“Unfortunately, mass shooting events like we experienced this weekend are a reminder that we need to address the firearm violence epidemic just as we do to cure disease or reduce injury, apply scientific methods and conduct research to establish data driven evidence-based solutions.”


Patrick Carter is co-director of the Institute for Firearm Injury Prevention, associate professor of emergency medicine at the Medical School, and associate professor of health behavior and health education at the School of Public Health. His research focuses on firearm injury prevention across the spectrum of research, from understanding the epidemiology of the problem to prevention-focused solutions for at-risk individuals and communities.

“The incidents of the past weekend continue to demonstrate the urgent need that exists to address this complex public health issue using an array of multidisciplinary data driven solutions that collectively can work to prevent and reduce the tragic number of firearm deaths and injuries that occur annually,” he said.


Riana Anderson, assistant professor of health behavior and health education at the School of Public Health, studies racial discrimination and how socialization in Black families helps reduce racial stress and trauma and improve psychological well-being and family functioning. She can comment on the impact that violence and other stressors have on Black communities.


Enrique Neblett is a professor of health behavior and health education at the School of Public Health and associate director of the Detroit Community-Academic Urban Research Center. He’s a leading scholar in the area of racism and health, with a particular focus on understanding how racism-related stress influences the mental and physical health of young African Americans.


Hsing-Fang Hsieh is an assistant research scientist in health behavior and health education at the School of Public Health. Her research centers on understanding disparities in firearm injury and chronic conditions that result from racism and violence exposure. She’s part of the National Center for School Safety, focused on improving school safety and preventing school violence, and one of the authors of a recent study examining racism and firearm-related risks among Asian Americans during the pandemic.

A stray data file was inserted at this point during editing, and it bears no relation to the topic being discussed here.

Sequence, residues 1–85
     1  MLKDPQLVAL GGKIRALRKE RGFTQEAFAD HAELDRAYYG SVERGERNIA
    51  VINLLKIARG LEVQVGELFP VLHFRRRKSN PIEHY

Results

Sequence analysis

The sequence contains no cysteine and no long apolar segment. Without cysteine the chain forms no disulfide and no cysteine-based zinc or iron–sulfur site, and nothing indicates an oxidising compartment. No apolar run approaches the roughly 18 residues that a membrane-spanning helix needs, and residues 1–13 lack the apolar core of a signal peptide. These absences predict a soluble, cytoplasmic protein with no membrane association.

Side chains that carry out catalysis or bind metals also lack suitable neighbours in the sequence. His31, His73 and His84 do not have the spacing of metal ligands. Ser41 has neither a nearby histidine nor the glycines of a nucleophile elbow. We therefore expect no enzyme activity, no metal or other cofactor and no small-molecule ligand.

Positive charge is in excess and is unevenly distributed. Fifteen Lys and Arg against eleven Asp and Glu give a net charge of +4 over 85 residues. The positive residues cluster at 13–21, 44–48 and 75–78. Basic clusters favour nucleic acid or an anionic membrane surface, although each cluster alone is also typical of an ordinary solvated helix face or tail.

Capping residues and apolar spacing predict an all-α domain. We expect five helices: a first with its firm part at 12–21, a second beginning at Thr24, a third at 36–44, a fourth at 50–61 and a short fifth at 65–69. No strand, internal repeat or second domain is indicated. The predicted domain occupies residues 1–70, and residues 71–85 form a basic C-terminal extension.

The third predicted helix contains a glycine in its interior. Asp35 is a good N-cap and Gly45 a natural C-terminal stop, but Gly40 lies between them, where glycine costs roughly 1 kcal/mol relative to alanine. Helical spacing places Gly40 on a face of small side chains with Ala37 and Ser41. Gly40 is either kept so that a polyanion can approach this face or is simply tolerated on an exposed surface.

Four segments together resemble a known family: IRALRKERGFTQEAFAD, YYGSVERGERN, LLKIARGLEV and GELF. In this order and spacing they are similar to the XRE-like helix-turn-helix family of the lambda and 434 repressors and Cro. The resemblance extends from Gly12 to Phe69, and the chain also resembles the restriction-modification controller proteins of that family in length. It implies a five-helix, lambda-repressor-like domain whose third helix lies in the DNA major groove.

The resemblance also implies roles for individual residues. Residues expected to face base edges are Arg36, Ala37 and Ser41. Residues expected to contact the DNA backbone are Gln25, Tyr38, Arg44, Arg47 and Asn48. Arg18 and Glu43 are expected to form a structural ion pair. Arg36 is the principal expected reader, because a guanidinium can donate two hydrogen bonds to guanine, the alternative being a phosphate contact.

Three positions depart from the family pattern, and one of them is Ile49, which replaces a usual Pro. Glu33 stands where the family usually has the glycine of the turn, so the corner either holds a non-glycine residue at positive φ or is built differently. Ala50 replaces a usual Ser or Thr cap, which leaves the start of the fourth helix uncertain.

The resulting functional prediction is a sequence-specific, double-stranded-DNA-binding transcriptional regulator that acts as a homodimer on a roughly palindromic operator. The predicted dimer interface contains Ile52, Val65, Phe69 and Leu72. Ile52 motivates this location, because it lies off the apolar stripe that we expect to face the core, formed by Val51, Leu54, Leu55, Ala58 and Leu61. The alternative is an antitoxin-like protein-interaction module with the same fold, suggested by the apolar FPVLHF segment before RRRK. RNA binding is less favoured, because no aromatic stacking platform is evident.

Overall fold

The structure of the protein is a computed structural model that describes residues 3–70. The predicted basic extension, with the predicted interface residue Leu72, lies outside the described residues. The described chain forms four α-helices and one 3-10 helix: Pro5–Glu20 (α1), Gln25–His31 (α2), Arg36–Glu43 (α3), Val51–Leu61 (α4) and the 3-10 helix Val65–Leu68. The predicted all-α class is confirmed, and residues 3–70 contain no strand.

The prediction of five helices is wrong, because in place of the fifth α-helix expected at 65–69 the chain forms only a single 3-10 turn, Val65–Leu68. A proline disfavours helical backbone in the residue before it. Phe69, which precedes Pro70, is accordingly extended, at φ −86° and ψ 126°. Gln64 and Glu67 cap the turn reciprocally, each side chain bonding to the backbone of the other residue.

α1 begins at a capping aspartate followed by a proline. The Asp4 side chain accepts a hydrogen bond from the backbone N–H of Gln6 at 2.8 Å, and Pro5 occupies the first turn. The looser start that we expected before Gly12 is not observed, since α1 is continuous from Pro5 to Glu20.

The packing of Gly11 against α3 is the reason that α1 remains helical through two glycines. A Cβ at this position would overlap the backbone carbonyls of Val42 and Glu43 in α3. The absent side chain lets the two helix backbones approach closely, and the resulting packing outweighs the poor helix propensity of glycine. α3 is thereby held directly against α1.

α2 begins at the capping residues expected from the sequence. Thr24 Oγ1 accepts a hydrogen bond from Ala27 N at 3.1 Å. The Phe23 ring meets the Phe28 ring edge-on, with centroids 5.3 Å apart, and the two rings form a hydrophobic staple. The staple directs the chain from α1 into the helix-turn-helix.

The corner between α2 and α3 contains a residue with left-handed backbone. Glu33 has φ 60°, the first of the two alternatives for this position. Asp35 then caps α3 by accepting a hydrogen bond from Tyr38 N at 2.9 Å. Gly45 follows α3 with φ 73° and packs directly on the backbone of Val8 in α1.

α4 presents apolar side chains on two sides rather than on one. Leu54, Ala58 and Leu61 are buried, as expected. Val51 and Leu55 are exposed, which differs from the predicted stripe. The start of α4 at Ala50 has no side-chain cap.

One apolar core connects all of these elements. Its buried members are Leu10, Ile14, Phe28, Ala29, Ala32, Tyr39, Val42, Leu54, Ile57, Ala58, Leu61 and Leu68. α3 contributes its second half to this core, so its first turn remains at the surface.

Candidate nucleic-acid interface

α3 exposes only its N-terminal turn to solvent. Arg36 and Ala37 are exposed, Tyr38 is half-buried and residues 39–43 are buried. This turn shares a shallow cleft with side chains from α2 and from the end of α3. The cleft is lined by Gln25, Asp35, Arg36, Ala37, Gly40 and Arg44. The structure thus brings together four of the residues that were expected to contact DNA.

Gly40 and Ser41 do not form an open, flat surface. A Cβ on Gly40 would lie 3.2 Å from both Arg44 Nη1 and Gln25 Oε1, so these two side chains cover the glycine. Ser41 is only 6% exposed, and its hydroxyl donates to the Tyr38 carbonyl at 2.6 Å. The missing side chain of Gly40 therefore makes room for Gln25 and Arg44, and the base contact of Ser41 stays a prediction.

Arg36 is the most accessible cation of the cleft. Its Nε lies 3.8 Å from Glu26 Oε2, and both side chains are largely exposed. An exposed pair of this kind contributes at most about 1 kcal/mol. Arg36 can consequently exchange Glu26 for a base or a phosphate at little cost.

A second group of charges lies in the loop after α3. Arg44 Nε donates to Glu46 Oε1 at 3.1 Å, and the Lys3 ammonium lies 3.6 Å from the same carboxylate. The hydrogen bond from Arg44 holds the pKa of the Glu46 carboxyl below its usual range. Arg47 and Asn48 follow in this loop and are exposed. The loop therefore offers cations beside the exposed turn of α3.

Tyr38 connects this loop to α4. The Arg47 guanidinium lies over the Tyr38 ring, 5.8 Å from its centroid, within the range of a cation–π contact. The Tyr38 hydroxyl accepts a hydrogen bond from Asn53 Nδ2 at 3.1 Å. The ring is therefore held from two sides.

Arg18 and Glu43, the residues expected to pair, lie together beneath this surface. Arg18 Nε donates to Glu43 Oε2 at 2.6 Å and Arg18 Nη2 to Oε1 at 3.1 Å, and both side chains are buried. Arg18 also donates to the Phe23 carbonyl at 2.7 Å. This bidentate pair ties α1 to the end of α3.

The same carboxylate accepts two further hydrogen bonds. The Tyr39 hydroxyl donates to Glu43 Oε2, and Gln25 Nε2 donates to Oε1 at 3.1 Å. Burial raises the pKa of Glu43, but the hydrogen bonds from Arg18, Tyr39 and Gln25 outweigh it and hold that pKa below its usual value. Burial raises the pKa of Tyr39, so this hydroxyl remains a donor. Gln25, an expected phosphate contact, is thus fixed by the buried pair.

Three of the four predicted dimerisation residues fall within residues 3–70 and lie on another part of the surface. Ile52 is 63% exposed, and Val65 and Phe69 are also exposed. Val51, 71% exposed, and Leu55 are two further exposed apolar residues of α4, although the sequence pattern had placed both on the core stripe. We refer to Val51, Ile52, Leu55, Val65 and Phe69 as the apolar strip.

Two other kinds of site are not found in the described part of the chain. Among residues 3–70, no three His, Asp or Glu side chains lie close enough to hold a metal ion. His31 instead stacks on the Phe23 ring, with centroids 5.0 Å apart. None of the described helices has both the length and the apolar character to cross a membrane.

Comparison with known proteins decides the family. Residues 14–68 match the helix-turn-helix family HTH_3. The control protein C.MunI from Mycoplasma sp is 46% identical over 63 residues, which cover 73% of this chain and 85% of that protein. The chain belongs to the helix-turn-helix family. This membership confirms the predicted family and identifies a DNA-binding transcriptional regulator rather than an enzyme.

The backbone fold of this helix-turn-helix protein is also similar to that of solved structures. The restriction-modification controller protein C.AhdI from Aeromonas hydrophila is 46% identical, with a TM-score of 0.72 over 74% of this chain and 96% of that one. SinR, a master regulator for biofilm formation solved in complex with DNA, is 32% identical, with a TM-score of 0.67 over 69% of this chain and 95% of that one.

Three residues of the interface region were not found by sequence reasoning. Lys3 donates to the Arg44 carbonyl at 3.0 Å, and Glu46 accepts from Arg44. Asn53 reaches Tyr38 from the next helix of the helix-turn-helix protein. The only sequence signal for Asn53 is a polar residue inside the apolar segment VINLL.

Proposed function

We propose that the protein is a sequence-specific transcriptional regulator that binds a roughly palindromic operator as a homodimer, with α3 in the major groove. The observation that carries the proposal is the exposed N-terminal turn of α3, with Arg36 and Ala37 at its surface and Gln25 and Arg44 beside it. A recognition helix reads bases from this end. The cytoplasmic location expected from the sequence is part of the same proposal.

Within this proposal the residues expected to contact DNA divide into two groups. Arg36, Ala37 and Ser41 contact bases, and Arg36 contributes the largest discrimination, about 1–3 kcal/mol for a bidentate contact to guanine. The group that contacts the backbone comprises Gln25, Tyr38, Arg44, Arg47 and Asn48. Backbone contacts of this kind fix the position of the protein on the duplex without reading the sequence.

“Every time such tragic events of racially motivated violence and shooting happen, it is added trauma to the existing wounds suffered by our communities of color,” she said. “The effect is also beyond the direct victimization and the loss of loved ones. We have seen consistent evidence that exposure to violence and racism has both short-term and long-term effects on health.

“Such adverse outcomes of violence to the communities of color include mental distress and trauma, unmet need for a sense of safety, unmet need for mental health care, increased barriers to health behaviors, and eventually increased risks of injury and chronic conditions. For example, we see evidence that racism is linked to increased firearm purchase, carriage and unsafe storage among Asian Americans. We also see evidence that violence exposure is linked to early-onset hypertension and cancer risks among African Americans. It is important to know such effects are chronic and cumulative for both the communities of color and the society in general. We need public health approaches and systemic efforts to address it.”